The influence of ACE ID and ACTN3 R577X polymorphisms on lower-extremity function in older women in response to high-speed power training
Springer Science and Business Media LLC -- BMC Geriatrics
DOI 10.1186/1471-2318-13-131
  1. Resistance training
  2. Angiotensin converting-enzyme
  3. Alpha-Actinin-3
  4. Women
  5. Lower mobility


We studied the influence of the ACE I/D and ACTN3 R577X polymorphisms (single or combined) on lower-extremity function in older women in response to high-speed power training.


One hundred and thirty-nine healthy older Caucasian women participated in this study (age: 65.5 ± 8.2 years, body mass: 67.0 ± 10.0 kg and height: 1.57 ± 0.06 m). Walking speed (S10) performance and functional capacity assessed by the “get-up and go” (GUG) mobility test were measured at baseline (T1) and after a consecutive 12-week period of high-speed power training (40-75% of one repetition maximum in arm and leg extensor exercises; 3 sets 4–12 reps, and two power exercises for upper and lower extremity). Genomic DNA was extracted from blood samples, and genotyping analyses were performed by PCR methods. Genotype distributions between groups were compared by Chi-Square test and the gains in physical performance were analyzed by two-way, repeated-measures ANOVA.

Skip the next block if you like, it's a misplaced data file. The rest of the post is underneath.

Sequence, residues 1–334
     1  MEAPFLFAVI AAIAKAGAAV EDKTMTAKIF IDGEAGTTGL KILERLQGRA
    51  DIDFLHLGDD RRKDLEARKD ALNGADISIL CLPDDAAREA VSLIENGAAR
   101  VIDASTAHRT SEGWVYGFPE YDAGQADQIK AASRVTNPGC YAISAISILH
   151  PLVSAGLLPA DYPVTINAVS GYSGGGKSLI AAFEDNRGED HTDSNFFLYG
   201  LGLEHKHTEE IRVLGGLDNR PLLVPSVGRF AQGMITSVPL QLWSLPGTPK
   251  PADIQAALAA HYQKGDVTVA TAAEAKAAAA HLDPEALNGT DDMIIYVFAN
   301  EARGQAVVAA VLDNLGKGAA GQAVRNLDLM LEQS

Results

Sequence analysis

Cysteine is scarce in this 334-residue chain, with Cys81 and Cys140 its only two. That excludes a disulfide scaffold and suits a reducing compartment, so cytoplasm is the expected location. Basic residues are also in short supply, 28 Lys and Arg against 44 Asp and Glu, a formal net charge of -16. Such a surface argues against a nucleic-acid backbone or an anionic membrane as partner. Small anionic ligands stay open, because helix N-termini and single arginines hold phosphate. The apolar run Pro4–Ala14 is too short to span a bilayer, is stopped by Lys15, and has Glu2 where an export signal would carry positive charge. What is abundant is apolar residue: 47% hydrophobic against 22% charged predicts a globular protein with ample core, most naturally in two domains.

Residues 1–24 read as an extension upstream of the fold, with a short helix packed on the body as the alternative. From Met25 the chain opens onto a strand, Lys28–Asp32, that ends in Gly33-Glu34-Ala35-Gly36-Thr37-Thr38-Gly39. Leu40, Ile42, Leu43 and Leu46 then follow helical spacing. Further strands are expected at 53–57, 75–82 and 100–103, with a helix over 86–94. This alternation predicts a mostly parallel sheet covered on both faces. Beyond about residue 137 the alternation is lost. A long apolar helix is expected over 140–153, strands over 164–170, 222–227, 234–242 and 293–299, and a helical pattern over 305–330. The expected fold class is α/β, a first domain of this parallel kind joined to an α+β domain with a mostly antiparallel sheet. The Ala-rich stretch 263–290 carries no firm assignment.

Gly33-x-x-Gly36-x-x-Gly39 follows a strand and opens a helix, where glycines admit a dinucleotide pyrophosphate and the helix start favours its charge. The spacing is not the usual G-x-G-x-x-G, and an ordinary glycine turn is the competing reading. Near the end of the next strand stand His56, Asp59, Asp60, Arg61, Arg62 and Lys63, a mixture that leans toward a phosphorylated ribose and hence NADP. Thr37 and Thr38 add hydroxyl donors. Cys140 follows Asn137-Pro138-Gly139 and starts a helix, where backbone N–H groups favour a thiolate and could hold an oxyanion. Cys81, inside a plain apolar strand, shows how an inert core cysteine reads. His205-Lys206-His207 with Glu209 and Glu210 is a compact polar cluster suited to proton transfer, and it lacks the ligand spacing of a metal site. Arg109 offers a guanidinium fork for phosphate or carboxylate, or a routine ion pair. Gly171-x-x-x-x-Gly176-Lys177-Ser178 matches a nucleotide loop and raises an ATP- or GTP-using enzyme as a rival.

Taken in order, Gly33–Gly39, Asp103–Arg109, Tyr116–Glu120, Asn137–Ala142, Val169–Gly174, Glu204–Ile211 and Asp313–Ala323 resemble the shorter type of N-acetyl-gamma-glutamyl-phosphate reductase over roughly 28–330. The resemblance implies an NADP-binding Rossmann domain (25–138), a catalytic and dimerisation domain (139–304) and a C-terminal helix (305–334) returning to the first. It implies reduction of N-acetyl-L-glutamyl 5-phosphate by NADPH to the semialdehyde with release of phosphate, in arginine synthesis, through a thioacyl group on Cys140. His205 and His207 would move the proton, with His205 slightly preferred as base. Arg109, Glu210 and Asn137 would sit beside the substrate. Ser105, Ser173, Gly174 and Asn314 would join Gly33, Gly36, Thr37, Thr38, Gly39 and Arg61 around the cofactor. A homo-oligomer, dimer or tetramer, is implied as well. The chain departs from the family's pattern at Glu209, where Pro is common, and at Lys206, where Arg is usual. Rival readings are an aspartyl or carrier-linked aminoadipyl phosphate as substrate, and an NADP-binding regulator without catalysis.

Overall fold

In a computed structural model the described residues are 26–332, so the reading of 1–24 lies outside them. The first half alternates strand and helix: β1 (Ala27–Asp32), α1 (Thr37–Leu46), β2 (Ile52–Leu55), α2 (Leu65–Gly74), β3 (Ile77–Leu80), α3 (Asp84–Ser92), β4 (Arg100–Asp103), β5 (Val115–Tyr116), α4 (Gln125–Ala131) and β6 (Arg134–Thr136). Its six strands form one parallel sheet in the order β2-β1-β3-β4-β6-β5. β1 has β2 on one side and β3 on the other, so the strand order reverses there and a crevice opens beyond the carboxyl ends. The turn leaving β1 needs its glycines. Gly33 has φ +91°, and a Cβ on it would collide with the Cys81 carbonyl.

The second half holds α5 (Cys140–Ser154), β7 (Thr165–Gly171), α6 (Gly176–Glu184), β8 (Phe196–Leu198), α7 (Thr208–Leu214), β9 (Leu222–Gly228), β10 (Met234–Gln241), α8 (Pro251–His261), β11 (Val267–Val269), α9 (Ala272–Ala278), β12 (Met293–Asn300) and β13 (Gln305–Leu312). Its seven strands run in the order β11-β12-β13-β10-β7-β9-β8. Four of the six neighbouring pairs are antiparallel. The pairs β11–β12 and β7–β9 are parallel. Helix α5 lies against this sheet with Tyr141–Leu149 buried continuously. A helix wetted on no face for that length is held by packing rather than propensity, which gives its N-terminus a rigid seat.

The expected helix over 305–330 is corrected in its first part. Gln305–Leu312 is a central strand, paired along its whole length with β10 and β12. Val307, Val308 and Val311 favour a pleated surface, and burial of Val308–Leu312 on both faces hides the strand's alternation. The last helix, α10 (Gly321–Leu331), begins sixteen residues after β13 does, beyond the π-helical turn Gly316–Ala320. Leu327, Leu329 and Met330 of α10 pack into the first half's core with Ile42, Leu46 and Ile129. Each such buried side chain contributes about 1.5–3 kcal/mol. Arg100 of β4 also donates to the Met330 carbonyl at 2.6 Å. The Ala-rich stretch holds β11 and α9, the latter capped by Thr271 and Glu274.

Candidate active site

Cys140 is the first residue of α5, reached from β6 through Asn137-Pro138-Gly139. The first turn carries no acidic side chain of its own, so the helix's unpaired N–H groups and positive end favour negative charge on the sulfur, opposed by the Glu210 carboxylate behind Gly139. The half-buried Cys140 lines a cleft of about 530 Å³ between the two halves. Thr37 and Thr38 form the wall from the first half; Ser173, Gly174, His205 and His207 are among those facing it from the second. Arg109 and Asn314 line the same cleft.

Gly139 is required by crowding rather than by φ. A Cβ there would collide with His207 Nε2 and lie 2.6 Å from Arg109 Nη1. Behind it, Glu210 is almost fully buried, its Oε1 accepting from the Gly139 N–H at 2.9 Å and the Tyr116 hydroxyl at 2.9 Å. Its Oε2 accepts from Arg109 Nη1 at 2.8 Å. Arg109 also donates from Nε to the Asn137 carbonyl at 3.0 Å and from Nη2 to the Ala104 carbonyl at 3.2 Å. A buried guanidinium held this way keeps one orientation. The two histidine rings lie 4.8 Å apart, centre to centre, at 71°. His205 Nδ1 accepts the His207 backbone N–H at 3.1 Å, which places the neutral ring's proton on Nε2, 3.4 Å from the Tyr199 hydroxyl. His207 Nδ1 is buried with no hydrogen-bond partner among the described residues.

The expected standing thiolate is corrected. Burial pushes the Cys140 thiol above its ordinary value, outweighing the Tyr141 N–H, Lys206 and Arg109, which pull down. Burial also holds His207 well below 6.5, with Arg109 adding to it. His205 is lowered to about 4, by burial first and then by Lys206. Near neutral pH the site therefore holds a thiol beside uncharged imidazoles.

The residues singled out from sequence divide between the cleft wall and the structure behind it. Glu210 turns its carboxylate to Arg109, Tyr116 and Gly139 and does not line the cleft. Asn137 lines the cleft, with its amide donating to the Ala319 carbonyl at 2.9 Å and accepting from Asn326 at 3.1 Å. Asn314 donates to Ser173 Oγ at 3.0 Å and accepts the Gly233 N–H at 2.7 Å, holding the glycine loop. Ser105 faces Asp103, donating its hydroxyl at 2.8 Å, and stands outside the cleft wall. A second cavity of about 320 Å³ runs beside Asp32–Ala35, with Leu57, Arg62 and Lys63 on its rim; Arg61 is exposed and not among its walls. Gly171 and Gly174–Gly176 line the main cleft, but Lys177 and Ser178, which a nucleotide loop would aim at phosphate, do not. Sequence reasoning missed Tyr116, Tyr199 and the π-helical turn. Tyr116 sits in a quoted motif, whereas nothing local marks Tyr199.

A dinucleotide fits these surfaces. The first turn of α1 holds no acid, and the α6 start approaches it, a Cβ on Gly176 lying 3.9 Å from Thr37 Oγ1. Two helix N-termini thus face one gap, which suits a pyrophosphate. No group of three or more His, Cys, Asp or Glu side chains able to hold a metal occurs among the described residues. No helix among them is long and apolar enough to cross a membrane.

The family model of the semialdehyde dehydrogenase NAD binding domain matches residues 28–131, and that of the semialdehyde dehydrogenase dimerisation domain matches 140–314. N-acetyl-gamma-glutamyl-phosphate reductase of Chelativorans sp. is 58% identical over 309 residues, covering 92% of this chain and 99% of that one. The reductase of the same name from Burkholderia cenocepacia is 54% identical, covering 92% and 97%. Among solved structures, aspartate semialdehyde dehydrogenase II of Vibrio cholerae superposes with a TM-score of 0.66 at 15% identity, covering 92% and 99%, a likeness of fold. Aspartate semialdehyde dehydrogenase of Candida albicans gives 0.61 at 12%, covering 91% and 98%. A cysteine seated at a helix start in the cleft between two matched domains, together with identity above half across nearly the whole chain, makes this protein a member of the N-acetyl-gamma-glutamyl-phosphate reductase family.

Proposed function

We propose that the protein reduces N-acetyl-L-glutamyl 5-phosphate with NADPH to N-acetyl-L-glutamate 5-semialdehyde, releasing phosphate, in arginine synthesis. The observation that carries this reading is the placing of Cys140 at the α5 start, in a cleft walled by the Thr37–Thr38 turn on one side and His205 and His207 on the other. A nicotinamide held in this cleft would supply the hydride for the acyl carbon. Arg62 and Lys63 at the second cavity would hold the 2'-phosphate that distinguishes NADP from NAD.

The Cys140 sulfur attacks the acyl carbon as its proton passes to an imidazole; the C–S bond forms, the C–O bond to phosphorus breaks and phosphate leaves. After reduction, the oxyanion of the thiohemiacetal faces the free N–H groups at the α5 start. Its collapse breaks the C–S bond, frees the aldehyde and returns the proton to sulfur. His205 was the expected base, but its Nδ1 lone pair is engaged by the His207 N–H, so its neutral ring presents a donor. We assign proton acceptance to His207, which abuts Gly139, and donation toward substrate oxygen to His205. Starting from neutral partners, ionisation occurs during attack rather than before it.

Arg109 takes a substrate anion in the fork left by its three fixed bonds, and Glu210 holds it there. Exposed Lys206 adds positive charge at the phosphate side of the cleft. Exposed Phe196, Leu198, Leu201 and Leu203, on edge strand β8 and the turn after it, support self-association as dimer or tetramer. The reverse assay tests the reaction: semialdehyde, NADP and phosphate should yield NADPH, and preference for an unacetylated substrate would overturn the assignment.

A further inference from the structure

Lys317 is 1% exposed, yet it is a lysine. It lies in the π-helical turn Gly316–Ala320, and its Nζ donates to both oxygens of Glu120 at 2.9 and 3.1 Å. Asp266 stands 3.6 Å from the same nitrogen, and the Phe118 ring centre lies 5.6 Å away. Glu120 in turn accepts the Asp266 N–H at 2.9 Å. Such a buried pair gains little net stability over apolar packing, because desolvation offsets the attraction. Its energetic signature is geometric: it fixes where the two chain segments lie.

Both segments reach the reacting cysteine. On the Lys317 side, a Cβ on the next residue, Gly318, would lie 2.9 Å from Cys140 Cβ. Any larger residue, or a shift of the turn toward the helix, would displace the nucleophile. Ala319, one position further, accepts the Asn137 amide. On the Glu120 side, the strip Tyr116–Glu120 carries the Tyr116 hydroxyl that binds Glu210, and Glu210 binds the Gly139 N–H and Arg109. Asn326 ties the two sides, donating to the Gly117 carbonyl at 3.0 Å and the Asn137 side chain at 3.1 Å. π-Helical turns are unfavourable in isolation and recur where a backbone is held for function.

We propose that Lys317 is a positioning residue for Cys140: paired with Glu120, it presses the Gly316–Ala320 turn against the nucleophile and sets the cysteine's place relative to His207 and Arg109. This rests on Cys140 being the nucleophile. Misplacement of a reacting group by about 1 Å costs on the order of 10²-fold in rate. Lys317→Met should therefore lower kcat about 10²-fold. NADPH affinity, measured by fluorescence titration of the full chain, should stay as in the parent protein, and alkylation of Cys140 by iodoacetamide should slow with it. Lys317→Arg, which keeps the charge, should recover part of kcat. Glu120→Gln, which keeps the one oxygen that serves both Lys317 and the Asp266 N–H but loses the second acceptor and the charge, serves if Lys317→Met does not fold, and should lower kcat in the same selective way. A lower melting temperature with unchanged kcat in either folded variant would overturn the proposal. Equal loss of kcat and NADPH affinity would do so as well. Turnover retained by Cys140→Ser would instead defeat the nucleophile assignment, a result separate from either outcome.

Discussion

There were no significant differences between genotype groups in men or women for adjusted baseline phenotypes (P > 0.05). ACE I/D and ACTN3 polymorphisms showed a significant interaction genotype-training only in S10 (P = 0.012 and P = 0.044, respectively) and not in the GUG test (P = 0.311 and P = 0.477, respectively). Analyses of the combined effects between genotypes showed no other significant differences in all phenotypes (P < 0.05) at baseline. However, in response to high-speed power training, a significant interaction on walking speed (P = 0.048) was observed between the “power” (ACTN3 RR + RX & ACE DD) versus “non-power” muscularity-oriented genotypes (ACTN3 XX & ACE II + ID)].


Thus, ACE I/D and ACTN3 R577X polymorphisms are likely candidates in the modulation of exercise-related gait speed phenotype in older women but not a significant influence in mobility traits.